Arriva Click is an app-based on-demand bus service provided across the core of Sittingbourne in Kent. The app is powered by US ride-sharing technology Via.

Anyone who has the app can book a journey anywhere within a six-mile by four-mile zone in Sittingbourne. The service runs street corner to street corner rather than door-to-door but otherwise provides a completely tailored journey. Once booked, passengers get an estimated pick-up time and can track the bus on its journey. The service uses algorithms to match people with other travellers and vehicles going their way and plans optimised routes so everyone reaches their destination. 

Arriva Click runs five 12-seater minibuses configured to a high specification, with leather seats, USB sockets and 4G WiFi. Each has a wheelchair space and is DDA compliant. The minibuses were launched in April, initially covering a corridor between the Kent Science Park and Sittingbourne station, but after six weeks their zone was expanded to cover key residential areas in Sittingbourne, which has a population of 50,000 people.

Journeys are priced by the mile. The starting price for the trial is £1 per mile, which makes it up to 75% cheaper than taxi fares but also, for shorter journeys, cheaper than a single bus fare (£3.50).

The service is run under a traditional bus service licence, with standard service times between 6am and 7.30pm, Monday to Saturday.

However, being licensed under a bus licence does not restrict price as the service is registered as a flexible route, which means it can control price in line with market demands.

The initial reaction from users was tinged with disbelief that a bus service could be run entirely on the basis of requests and at such low cost. However, Sittingbourne residents appear to have taken to it, with 5,000 app downloads in its first six months taking over 20,000 rides, an average of over 125 rides per day. 

Sittingbourne testbed

The Arriva Click service trial was devised in response to several factors. The broader picture is that bus passenger numbers are falling and services have been trimmed over the years, to the point that some routes were of marginal utility. There is also a recognition that technology companies are looking for opportunities to disrupt transport and potentially take market share.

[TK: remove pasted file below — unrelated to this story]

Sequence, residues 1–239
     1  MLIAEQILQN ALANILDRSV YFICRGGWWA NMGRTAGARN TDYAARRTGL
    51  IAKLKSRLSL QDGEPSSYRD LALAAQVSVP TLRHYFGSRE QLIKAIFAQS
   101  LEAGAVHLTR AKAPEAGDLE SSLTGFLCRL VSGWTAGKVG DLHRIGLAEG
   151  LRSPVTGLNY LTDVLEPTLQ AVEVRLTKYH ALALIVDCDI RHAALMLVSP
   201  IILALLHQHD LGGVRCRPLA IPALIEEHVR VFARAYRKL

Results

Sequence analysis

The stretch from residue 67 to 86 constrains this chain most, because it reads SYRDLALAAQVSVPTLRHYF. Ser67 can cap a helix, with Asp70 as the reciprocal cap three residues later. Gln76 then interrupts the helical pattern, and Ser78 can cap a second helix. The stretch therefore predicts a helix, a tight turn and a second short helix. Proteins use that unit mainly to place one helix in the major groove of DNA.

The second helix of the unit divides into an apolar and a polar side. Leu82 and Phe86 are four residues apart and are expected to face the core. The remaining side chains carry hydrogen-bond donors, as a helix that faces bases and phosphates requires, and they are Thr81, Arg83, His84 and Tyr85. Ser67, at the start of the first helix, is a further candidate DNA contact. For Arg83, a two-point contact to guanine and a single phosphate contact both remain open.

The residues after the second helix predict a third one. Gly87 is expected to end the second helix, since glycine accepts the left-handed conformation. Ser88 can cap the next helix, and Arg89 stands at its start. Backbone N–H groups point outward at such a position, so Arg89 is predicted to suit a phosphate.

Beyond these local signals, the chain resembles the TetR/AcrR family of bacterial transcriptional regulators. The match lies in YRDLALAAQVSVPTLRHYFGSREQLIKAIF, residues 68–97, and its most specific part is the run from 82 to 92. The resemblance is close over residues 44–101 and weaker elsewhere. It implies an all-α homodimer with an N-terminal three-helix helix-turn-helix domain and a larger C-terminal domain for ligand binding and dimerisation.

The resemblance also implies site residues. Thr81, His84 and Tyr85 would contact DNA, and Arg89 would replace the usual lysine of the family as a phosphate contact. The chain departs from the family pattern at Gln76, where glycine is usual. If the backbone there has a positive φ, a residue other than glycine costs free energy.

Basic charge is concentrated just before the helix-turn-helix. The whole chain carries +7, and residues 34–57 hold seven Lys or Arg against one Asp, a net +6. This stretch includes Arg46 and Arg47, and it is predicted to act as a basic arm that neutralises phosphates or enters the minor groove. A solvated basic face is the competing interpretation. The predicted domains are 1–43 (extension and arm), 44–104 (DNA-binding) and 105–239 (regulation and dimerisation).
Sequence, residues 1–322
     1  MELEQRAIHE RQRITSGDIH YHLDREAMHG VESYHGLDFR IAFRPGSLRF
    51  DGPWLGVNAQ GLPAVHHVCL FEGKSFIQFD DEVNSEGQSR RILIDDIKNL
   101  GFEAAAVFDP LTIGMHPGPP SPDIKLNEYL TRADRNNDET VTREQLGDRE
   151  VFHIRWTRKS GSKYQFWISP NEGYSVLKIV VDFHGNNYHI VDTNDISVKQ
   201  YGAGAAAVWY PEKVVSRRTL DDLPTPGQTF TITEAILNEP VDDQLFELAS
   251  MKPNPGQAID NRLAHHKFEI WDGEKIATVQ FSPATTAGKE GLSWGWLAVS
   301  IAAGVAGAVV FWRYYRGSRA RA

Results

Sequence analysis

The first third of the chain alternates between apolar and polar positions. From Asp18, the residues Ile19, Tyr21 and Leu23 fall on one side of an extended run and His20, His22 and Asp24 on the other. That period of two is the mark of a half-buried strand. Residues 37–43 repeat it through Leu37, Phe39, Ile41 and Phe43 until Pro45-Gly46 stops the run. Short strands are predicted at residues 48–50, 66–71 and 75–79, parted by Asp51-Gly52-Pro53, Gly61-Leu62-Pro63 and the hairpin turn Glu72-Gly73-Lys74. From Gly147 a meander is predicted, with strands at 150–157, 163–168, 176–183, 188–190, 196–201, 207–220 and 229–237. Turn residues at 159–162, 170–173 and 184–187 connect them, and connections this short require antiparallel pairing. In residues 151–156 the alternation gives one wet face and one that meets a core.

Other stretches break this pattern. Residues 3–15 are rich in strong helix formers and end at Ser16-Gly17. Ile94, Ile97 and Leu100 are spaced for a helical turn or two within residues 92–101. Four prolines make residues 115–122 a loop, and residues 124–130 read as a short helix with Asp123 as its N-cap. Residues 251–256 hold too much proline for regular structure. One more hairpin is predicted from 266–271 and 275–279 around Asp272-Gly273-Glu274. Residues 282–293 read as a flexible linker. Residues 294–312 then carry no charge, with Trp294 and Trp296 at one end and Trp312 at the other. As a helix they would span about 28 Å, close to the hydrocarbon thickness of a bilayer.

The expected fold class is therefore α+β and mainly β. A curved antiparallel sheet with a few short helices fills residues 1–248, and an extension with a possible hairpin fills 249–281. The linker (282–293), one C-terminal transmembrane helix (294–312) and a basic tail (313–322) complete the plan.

Sittingbourne was chosen on the basis of its demographics – from the usage of smartphones to the number of cars per household – and transport provision. 

While there are parking problems at key employment area Kent Science Park, options to shift people out of single user vehicles are limited. There is only a limited bus service connecting it to the town centre and some kind of creative intervention is required.

The town is undergoing significant traffic disruption with a regeneration process that has created numerous diversions. As Arriva Click buses do not have fixed routes, they can be routed to avoid roadworks and disruption much more easily than a traditional bus service.

The idea was to target car drivers and taxi users, but, in fact, some 60% of initial users were already bus passengers. However, there has not been a noticeable change in bus use on other routes, so it’s unclear whether these people are making additional journeys.

Around 75% of the users are commuters, with 25% using the bus for a mix of leisure and other services. Some users have made very short journeys, suggesting they were carrying heavy shopping or just getting out of the rain. The average journey length, however, is 3.5 miles. The average occupancy is four people and the average wait for a bus is under 10 minutes. With previous bus waits of up to 30 minutes, it is easy to see why this service has been adopted.

Although Arriva Click is a trial that will be adjusted over time, the initial trial results are interesting and heartening. Arriva is currently looking at other potential areas for similar services.

Simply Connect